However, I would like to give a visceral shot at an answer based on your writings. I think this is appropriate because I think sign language (like our early ancestors) originated from a visceral, instinctive desire to communicate with each other. And I think deaf children are the real heroes and my favorite people in Deaf History. I’m sure as I learn more about deaf history I will be able to choose my favorite person….but as you mentioned a few times… “deaf children from all over the world” attended the schools and were the ones that brought their own sign language to the forefront. So at this point, my gut says my favorite are all the deaf children of the world that never gave up on themselves in their quest to be heard!

I would like to thank you for your website which allows me to try something new and exciting…for free! I’m only on chapter 2, but your enthusiasm keeps me going! After completing all your units, I hope to go on to get certified and maybe teach or become a translator. One of my good friends is a translator, which is a great resource.

The Deaf Children in France

by Nancy Reynolds (Denton, MD, USA) | March 17, 2010

It may seem strange but these were the children that inspired others to realize how creative and intelligent the deaf really are. They not only devised the signs they could use to communicate but taught others to understand. In reading through deaf history I was amazed at how this influence spread down through every person captivated by the desire to communicate with this remarkable community of people.

From the very beginning until now when total communication is used there is this one overwhelming realization that the deaf are truly wonderful human beings that just need to be given a chance to be in the mainstream of American life-with equal opportunities and rights. Everyone for so long focused on the African-American fight for rights but looking at history the deaf have had the same struggles and their achievement is no less worthy of note.

I am also amazed at the people in history that were deaf that made their mark and no one remembers them as deaf but only their great contributions–Tom Edison, Juliet Lowe and then the contribution that Abraham Lincoln made to the advancement of deaf education. We have a Black History Month, President’s Day–why not Deaf History Month or Day. Seems appropriate, in seeing the great achievements of the Deaf Community.


by Robyn Bell (Toledo, Washington) | January 18, 2010

As a young man L’Epee had certain expectations given to him by the people around him. His father was a well-know architect and probably wanted a great many things from his son. L’Epee decided to study theology. Not a great career choice, but at least something with honor.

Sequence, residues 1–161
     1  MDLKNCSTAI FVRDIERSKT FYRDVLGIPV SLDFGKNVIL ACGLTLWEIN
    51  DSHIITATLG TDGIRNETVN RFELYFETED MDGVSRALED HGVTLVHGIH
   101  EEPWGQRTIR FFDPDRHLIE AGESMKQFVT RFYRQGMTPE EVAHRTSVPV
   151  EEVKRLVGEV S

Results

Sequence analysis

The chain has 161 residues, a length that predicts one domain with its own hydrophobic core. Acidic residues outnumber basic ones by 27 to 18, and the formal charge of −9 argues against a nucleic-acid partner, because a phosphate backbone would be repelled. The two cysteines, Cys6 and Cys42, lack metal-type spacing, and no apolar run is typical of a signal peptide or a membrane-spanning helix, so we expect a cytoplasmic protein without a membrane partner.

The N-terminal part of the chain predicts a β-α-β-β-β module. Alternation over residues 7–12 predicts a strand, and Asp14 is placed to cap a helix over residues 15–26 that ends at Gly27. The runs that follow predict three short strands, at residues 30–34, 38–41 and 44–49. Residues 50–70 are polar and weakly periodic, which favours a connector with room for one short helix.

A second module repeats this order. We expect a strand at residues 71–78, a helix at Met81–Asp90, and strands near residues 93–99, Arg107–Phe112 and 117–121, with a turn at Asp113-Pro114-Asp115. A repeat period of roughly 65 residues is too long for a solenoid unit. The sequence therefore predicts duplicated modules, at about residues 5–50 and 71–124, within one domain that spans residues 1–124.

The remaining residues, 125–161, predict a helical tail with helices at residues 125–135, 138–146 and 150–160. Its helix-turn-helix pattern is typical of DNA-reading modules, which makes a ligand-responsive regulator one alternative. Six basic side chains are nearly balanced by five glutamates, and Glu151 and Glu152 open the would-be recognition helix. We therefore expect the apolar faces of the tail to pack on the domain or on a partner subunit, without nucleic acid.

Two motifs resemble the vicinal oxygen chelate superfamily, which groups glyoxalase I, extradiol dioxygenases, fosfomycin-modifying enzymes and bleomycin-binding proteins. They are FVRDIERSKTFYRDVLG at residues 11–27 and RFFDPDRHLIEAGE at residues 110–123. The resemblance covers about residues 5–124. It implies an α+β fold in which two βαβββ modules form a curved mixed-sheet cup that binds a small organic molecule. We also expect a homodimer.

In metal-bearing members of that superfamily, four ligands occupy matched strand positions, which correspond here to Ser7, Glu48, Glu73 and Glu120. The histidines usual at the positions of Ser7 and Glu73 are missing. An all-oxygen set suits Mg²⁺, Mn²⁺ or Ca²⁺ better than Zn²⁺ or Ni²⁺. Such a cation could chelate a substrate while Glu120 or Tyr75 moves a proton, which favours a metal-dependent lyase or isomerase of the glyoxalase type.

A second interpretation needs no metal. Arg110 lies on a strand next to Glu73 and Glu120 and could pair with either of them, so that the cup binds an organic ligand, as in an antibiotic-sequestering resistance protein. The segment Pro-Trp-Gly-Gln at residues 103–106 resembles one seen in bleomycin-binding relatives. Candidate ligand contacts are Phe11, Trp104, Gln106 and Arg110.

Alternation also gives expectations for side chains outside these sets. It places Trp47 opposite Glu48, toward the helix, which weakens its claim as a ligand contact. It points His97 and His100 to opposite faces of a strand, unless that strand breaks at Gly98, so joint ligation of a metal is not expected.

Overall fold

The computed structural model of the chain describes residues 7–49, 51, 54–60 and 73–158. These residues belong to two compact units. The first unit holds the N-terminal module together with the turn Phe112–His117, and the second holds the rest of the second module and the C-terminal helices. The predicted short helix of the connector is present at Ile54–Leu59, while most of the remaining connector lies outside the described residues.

The French Catholic Church had decided to denounce Jansenism during L’Epee’s studies, which is a belief that all things are predetermined and that human nature is incapable of good. L’Epee refused to sign the ordinate that condemned this faith and was denied his ordainment. (Rebel!) Thus, he turned to law and was admitted to the Bar.

A cleric friend had introduced him to twins that were deaf and wanted to learn religion, when the cleric died suddenly, L’Epee took on their education. This was during a time when many deaf were considered non-persons and many laws were in place that restricted them. L’Epee could have been the man that many in his time were: stubborn, apathetic and socialists that turned away from those in need. Yet again L’Epee rebelled by embracing these individuals and teaching himself and the deaf common ground language.

Later, by founding the free school, he rebelled yet again. It was nearly unheard of to educate the deaf and only the extremely wealthy had the deaf tutored in oralism. The open school changed history and set L’Epee apart from any other deaf advocate in his time. As he wrote in his 1784 book, La veritable maniere d’instruire les sourds et muets, confirmee par une longue experience (The True Method of Educating the Deaf, Confirmed by Much Experience), “Religion and humanity inspire me with such a great interest in a truly destitute class of persons who, though similar to ourselves, are reduced, as it were, to the condition of animals so long as no attempts are made to rescue them from the darkness surrounding them, that I consider it an absolute obligation to make every effort to bring about their release from these shadows.”

What a wonderful example we have! Rebel and all!